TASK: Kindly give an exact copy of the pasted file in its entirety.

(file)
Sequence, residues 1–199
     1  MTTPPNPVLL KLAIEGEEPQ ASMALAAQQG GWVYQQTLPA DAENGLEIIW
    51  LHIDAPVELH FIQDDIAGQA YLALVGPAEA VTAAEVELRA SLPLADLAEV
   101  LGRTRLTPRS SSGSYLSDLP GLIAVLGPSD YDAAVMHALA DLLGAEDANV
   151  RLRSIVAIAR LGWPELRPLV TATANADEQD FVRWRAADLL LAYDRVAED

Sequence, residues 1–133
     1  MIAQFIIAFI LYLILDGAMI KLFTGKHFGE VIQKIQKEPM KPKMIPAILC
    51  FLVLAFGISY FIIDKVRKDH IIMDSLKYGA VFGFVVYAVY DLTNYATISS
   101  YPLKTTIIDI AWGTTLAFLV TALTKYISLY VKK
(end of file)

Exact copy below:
Sequence, residues 1–199
     1  MTTPPNPVLL KLAIEGEEPQ ASMALAAQQG GWVYQQTLPA DAENGLEIIW
    51  LHIDAPVELH FIQDDIAGQA YLALVGPAEA VTAAEVELRA SLPLADLAEV
   101  LGRTRLTPRS SSGSYLSDLP GLIAVLGPSD YDAAVMHALA DLLGAEDANV
   151  RLRSIVAIAR LGWPELRPLV TATANADEQD FVRWRAADLL LAYDRVAED

Sequence, residues 1–133
     1  MIAQFIIAFI LYLILDGAMI KLFTGKHFGE VIQKIQKEPM KPKMIPAILC
    51  FLVLAFGISY FIIDKVRKDH IIMDSLKYGA VFGFVVYAVY DLTNYATISS
   101  YPLKTTIIDI AWGTTLAFLV TALTKYISLY VKK